Calicchio Trumpets moves to the heartland as new owner John Duda revitalizes the art of old-world craftsmanship set forth by Domenick Calicchio. John's history in the art of horn-making spans generations as he continues to follow in the footsteps of his father Louis, designer of the Benge pocket trumpet.
As a boy, John would watch in amazement as his father, Eldon Benge's right-hand man, deftly assembled the brass instruments that would become his passion.
At the age of nineteen, after discovering his own knack for the manipulation of metals while working as a silversmith, he went to work at the Benge factory under the tutelage of his father and Zig Kanstul. As part of his apprenticeship he worked at the King factory in Cleveland, OH, but the weather was more than he had bargained for, so he returned to Anaheim where he became the foreman of the bell department. His two mentors cross-trained him in nearly all departments and he quickly developed the skills that have kept him in demand by so many of the top horn-makers in the nation.
In 1983, Benge's new owners UMI closed down the Anaheim factory, relocating the operation in Eastlake, OH. At that point, John began making bells for Zig Kanstul, who had put together his own business crafting parts for Conn and eventually manufacturing trumpets for Besson. As the company grew, Zig was also starting to manufacture horns and parts for new companies entering into the horn world. With John's prowess for bell-making gaining renown, he was soon making bells for much of the brass world, including Conn, Bel Canto, Callet, Allied, Blessing, and others.
Tired of the contract labor grind, he and Joe Lintz helped Joe Marcinkiewicz establish his own line of trumpets in 1986. Once Joe was up and running, Duda and Lintz focused their attentions on the Calicchio line. In 1987, upon hearing that Irma Calicchio (Domenick's daughter) was contemplating shutting down the factory, they convinced her to give them a chance to revive the operation. Soon, Calicchio trumpets were back in demand as the ultimate studio trumpet as John and Joe worked their magic. By 1991, things were going so well that many top artists were putting away horns made by Domenick and picking up the new Calicchios. During this time Calicchio also saw the return of Domenick's grandson, Chris, to the company. Around this time, John's old friend Zig Kanstul offered him the challenge of tooling up and building his new contrabass tuba. While putting together Zig's new tuba, John still found the time to make bells for Calicchio. In 1992, however, while helping Zig move from Fullerton to Anaheim, John suffered an injury that put a halt to his work with the heavier brass line.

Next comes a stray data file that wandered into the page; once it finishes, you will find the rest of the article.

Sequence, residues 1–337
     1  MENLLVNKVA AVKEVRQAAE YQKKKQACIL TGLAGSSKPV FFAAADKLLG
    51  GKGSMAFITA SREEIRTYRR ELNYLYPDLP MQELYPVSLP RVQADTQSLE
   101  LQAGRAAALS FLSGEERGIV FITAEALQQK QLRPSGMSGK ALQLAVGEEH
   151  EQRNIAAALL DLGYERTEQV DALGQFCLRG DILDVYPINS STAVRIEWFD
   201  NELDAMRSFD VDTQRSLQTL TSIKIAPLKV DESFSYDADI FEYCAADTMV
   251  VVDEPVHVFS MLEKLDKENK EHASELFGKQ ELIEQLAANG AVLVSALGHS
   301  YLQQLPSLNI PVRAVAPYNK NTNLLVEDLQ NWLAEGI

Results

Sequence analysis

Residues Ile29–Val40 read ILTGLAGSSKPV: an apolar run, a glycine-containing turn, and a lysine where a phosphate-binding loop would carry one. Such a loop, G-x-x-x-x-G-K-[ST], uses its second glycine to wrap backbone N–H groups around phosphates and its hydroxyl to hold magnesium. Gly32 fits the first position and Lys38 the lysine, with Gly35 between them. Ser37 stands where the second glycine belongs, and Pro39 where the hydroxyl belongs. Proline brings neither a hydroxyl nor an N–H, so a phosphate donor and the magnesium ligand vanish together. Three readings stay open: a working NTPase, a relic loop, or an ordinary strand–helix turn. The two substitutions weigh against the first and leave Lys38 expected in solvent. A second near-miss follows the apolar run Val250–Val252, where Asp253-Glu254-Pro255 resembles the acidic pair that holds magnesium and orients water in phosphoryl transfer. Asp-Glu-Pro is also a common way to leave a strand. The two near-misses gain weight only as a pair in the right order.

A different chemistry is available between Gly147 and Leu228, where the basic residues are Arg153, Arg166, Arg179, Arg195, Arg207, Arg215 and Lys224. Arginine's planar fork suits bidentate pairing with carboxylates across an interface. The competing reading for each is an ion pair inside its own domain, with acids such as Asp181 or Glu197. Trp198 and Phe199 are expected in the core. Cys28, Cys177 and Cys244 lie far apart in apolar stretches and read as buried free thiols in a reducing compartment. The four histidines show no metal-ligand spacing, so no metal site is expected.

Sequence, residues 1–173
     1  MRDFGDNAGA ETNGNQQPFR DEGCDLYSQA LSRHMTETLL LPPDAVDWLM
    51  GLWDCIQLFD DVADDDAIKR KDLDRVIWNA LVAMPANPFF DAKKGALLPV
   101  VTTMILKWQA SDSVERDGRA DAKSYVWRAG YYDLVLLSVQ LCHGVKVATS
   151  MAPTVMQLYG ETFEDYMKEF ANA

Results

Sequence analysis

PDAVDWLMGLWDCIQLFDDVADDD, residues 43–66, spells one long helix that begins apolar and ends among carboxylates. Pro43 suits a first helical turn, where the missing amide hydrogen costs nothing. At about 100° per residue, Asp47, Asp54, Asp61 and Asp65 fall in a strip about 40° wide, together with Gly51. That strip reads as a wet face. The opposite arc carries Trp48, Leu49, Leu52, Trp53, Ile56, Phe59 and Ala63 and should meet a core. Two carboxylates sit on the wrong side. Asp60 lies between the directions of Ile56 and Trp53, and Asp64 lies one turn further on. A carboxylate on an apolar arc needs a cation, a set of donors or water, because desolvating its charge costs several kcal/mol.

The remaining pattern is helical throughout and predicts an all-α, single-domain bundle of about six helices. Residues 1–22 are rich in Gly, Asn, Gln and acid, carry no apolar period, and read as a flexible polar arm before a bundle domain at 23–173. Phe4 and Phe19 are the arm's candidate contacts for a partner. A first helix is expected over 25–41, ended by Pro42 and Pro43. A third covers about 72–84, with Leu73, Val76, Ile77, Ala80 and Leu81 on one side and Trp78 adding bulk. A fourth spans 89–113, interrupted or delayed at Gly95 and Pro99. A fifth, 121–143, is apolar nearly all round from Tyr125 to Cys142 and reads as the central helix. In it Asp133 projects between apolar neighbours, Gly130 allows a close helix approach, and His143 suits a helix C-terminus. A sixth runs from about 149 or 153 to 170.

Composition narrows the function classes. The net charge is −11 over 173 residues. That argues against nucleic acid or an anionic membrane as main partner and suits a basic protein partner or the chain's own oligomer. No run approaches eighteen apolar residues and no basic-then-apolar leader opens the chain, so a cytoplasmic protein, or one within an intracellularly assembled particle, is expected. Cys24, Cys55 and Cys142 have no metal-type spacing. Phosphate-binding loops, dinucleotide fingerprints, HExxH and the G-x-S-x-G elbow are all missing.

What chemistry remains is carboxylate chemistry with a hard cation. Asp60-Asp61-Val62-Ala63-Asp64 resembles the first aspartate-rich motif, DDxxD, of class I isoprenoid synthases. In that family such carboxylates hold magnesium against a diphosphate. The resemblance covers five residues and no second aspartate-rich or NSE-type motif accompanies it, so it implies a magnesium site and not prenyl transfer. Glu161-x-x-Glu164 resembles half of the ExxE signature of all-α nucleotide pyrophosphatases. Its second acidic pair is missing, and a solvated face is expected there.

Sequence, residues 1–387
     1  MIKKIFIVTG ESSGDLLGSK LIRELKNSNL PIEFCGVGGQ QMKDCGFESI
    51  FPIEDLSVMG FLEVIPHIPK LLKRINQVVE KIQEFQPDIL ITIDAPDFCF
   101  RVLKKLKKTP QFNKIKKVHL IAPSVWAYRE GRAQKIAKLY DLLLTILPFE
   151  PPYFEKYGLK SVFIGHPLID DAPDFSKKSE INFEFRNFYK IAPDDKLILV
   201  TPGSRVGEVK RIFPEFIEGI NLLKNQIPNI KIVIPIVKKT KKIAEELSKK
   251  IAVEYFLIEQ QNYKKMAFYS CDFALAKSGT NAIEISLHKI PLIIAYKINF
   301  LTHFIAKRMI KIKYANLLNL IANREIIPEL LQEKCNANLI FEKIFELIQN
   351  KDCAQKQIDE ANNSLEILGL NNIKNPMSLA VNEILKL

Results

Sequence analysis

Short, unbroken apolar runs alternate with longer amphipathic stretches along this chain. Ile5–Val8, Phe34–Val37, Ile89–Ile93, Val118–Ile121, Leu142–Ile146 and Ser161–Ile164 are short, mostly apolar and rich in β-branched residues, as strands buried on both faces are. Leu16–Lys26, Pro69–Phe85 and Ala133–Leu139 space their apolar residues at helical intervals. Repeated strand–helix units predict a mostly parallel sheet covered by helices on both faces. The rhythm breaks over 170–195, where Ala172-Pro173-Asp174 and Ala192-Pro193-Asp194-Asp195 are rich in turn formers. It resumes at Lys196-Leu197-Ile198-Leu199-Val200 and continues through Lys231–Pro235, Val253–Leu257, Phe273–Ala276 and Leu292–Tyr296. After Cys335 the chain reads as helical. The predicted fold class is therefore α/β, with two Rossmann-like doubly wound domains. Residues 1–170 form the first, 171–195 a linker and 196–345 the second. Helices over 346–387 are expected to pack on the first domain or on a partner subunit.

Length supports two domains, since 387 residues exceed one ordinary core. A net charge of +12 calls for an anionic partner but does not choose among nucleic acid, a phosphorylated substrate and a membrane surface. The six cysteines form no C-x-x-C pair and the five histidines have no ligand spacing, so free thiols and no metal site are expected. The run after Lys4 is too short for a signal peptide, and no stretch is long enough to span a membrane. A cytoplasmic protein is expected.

After making certain that he left Chris with all the knowledge necessary to keep the Calicchio Company alive, John moved to Tulsa to pursue another of his dreams - flying!
While working on the requisite courses for his pilot's licenses, he also found time to work on a Bachelor's Degree in Aviation Science at Oklahoma State University, along with working part-time at Tulsa Band Instruments. 2000 found him heading up the sales and brass repair departments at Tulsa Band as well as crafting custom trumpets.
John's love of building trumpets has been fulfilled, having come to fruition with the opportunity to purchase Calicchio Trumpets. His experience in both the handcrafting and retailing sides of the music business uniquely prepared him to start a new chapter in the history of horn-making as the Tulsa-made trumpets and flugelhorns have landed on the scene. We are proud to have brought a new level of excellence to Calicchio with the standardization and modernization that John has brought to the manufacturing process. We have remade tooling, purchased newer and higher quality machinery, trained a highly-skilled staff and developed a fresh approach that has raised quality and consistency to the highest levels in the history of the company.
No opportunity can be quite as exciting as the dream of keeping Domenick's spirit alive - "We will make each horn better than the one before."
David Banks has returned to the Northeast Ohio are (more)